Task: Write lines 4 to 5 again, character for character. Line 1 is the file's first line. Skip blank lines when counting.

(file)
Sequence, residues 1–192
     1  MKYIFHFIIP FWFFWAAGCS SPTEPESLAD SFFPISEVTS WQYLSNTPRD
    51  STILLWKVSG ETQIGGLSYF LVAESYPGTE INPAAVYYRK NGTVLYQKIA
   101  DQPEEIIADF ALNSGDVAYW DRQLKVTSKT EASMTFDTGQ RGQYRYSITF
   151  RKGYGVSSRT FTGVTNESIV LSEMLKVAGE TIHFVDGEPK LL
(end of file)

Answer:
   101  DQPEEIIADF ALNSGDVAYW DRQLKVTSKT EASMTFDTGQ RGQYRYSITF
   151  RKGYGVSSRT FTGVTNESIV LSEMLKVAGE TIHFVDGEPK LL